The Heliodisplay from IO2 Technologies can project any kind of static or moving image, from photographs to movies, without the need for a solid screen. Pictured here, an arrow icon appears suspended in the air in front of a person's hand. The Heliodisplay from IO2 Technologies can project any kind of static or moving image, from photographs to movies, without the need for a solid screen. Pictured here, an arrow icon appears suspended in the air in front of a person's hand.

Optiadmedia partner Michael Dellios is working on new ways to harness this emerging medium, which was launched into the commercial market in the latter part of 2006. "It puts a new spin on the term window shopping. It's starting to be used a lot for event promotion, because it can be used on portable screen — it's very eye catching."

The Nestings Kids junior home store at Eglinton and Avenue Road in Toronto is among the first to explore the Window F/X experience for its display window, said company owner and president Lisa Rosen. The store's new 46 cm by 61cm translucent screen offers rotating images of products, as well as animations — like snowflakes falling or vintage children's shows to catch the interest of passing shoppers.

"It's great because it doesn't interfere with what we're doing with our window displays, and it makes our products more accessible," Rosen said. "It's just a fun way to get attention. As soon as it was up and running at night, we got calls from people saying how great it was."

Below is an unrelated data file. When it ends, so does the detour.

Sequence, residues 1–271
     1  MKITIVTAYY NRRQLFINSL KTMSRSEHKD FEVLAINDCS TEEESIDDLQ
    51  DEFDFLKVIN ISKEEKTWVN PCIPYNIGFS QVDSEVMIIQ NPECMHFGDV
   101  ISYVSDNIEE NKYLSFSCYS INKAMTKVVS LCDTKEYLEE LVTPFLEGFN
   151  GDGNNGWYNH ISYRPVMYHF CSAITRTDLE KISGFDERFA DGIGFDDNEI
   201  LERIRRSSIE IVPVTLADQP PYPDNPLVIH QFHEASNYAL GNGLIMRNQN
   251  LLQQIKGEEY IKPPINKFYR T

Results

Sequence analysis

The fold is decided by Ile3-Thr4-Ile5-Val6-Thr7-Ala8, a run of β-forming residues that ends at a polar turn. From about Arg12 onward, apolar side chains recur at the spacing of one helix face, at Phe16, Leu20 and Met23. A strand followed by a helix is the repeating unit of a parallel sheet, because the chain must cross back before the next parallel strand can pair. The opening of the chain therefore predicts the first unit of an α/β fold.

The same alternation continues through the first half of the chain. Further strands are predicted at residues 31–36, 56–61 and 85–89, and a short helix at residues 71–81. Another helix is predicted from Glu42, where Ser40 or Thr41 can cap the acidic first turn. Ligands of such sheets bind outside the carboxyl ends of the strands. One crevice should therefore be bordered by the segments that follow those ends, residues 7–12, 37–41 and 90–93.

Rosen hasn't made the leap to an interactive program for the system yet, but that may come, she said. "That's the fun thing about it all. It's a true idea of what window shopping could be in the future."

Images in thin air

A person uses their hand to manipulate the ghostly, floating image of a digital camera, projected by an IO2 Technologies Heliodisplay. The display has optional motion sensors that let people move computer-generated images around with their fingers. A person uses their hand to manipulate the ghostly, floating image of a digital camera, projected by an IO2 Technologies Heliodisplay. The display has optional motion sensors that let people move computer-generated images around with their fingers.
The future has even more interesting possibilities for Chad Dyner, a San Francisco-based developer and founder of IO2 Technologies. He's the creator of Heliodisplay, a projection technology that works with suspended particles of moisture that can create an interactive display experience literally out of thin air.

Heliodisplay projects computer-based images onto thin particles of moisture generated by a particulate emitting device. The moisture film generated by the device captures the light from the projector to allow the images to take shape.

Heliodisplay can project any kind of static or moving images, from photographs to movies. The piece de resistance — or added "wow" factor if you will — is an optional interactive capability that uses motion sensors to let people move images around with their fingers.

So far, commercial applications have included venues such as museums, trade shows and special events, and Dyner is the first to admit that his innovation is still in its developmental stages. Work is still being done to perfect content and image delivery.

"It's not a mainstream product by any means," he said. "But I definitely think it's the future. I believe we'll start to see more ways to have unobtrusive displays and new ways to interact with information. What we use now is from a previous era."

"This type of thing is not just a novelty item," noted Synn. "You can make it interactive. You can update content. It's all free form so you can do so much with it. It's all pretty cool stuff."

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External Links

Innotive
IO2 Technology
Optiadmedia